by Heidi Hartmann, Ph.D.
Once again the President’s advisors in the White House do not appear to be serving him well. Despite a thin base of evidence regarding the effectiveness of programs targeting boys and men of color, the President is going all out to exclude girls and women of color for an important initiative.
The President announced My Brother’s Keeper as a new initiative at the end of February and called upon the task force that he formed to review data and develop indicators to measure progress for boys and young men of color, survey government programs to see what is working or not working, reach out to private sector (including nonprofit) partners, and report to him at the end of May. So far, counting today’s announcements, the task force (consisting of federal officials) has raised more than $300 million in private funds that the White House says will be targeted at improving the opportunities of boys and young men of color.
Almost immediately questions were raised first by women of color in the media, then by 200 black men writing an open letter, and then by more than 1200 women of color doing the same, and then by mainstream women’s organizations issuing statements to the press: where are the girls and young women of color?
Girls and boys of color grow up in the same families, live in the same neighborhoods, and attend the same schools. Girls and boys of color share many of the same challenges but also face a few that are unique to each gender. While boys of color score lower than girls on some indicators, girls of color score lower than boys on others. All would benefit from good programs.
Today, the President announced that several government agencies will make special efforts to increase services that can help boys and young men of color succeed. Surely women’s organizations will be watching closely to make sure those tax dollars are spent in a gender equitable way.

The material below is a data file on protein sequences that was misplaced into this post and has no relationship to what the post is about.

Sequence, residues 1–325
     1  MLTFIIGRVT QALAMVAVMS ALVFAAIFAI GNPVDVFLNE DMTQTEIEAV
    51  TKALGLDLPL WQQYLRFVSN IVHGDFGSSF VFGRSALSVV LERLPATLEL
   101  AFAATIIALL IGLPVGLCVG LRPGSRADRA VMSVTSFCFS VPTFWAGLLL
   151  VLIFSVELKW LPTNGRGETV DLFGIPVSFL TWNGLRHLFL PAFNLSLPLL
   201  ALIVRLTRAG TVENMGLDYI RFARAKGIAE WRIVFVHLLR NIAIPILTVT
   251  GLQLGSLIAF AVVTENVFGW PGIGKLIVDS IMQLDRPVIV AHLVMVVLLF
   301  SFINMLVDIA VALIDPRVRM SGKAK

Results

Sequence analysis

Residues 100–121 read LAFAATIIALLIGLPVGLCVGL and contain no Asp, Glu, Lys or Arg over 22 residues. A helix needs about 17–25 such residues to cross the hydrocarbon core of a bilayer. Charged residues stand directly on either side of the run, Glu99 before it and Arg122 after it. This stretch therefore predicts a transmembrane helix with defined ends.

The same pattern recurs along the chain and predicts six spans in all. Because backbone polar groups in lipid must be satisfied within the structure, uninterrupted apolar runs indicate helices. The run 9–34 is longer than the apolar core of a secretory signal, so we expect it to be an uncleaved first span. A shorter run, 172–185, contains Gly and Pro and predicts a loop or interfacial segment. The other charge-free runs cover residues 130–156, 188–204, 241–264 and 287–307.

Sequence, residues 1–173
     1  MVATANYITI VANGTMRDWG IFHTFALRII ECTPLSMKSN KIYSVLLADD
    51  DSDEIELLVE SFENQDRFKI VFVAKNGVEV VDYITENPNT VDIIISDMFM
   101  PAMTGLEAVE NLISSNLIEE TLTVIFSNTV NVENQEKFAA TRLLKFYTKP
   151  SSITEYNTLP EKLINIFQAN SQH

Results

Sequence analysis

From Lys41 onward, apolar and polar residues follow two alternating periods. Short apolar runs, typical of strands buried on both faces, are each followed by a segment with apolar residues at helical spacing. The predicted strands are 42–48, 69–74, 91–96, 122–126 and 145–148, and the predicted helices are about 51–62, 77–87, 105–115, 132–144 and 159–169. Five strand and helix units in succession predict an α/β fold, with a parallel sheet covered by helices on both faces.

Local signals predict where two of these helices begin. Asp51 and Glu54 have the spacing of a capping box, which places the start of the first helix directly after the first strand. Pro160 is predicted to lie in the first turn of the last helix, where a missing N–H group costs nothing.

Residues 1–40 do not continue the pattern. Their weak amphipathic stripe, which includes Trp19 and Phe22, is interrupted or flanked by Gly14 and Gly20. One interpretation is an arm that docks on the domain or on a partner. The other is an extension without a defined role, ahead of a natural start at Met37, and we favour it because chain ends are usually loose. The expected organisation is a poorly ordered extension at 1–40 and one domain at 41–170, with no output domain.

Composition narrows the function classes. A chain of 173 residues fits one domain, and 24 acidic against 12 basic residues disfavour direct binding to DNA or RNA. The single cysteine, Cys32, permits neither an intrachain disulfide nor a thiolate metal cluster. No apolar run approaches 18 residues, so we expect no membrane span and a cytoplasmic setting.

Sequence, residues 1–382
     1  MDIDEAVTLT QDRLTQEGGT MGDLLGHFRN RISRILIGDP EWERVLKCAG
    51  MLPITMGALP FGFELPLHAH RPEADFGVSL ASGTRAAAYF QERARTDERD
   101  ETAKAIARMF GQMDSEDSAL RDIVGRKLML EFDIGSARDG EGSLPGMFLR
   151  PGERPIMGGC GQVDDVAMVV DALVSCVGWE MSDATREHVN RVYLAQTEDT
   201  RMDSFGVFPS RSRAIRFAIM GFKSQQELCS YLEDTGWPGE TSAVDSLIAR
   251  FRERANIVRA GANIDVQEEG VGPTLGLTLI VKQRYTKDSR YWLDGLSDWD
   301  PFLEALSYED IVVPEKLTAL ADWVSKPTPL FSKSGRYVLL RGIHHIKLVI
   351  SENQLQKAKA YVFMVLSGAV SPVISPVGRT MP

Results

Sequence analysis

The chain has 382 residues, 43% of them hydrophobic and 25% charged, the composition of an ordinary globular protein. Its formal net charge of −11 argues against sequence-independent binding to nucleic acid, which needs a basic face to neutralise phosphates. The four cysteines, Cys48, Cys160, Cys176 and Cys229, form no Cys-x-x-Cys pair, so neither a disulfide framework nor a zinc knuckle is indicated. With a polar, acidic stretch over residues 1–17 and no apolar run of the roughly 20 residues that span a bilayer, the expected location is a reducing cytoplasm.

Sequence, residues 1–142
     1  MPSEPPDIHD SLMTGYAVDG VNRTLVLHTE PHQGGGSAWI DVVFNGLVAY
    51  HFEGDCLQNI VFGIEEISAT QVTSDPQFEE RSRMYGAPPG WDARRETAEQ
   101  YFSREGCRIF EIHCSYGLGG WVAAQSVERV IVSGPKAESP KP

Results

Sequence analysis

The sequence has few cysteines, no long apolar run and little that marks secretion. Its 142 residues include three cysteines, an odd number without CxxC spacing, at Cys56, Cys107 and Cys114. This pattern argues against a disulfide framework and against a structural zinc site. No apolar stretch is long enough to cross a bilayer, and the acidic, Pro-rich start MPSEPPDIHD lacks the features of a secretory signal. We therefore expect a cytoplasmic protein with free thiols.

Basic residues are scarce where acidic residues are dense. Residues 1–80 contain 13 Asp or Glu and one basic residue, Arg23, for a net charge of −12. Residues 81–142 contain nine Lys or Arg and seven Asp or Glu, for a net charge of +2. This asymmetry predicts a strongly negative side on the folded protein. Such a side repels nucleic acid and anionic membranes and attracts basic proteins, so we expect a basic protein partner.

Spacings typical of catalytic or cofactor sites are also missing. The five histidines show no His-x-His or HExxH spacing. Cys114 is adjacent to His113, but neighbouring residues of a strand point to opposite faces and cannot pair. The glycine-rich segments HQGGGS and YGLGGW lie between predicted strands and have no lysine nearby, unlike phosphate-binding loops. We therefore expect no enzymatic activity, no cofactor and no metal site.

Unfortunately, there is no comparable, ongoing federal effort to identify challenges facing girls and women of color, review data and develop indicators to measure their progress, survey federal programs to see what is working and or not working for them, or, crucially, raise $300 million from private sources to develop solutions for them.
According to the MBK task force report itself, there is very little evidence that any programs for boys of color work, and, of course to exclude girls, the evidence would have to prove that those that do work do not work as well for boys when girls of color are included. Although the White House claims the MBK initiative is evidence-based, the report presents no evidence to justify excluding girls and young women of color from the initiative. Boys are rarely compared with girls in the report and no programs are identified as being successful for boys alone. In other words, the inference that boys of color need this investment of resources more than their female counterparts has yet to be substantiated by the MBK initiative.
In the face of all the criticism, the White House has stonewalled. Finally six weeks after the report was released and months after the criticism began in the media, White House leaders, including Broderick Johnson, who has led the MBK initiative, Valerie Jarrett, and Tina Tchen, met with a few critics and supporters at the White House on July 15. At that meeting and since, White House officials have said MBK will remain all male. They are happy to discuss ways to do something for girls and young women of color—perhaps collect better data, for instance—but not through MBK.
Since all federal programs generally must be open to everyone, what’s the point of excluding girls and women of color from this initiative? I’m sure it comes across as a shocking and hurtful omission to young women and girls of color.
Heidi Hartmann, Ph.D., is the founder and president of the Institute for Women’s Policy Research.
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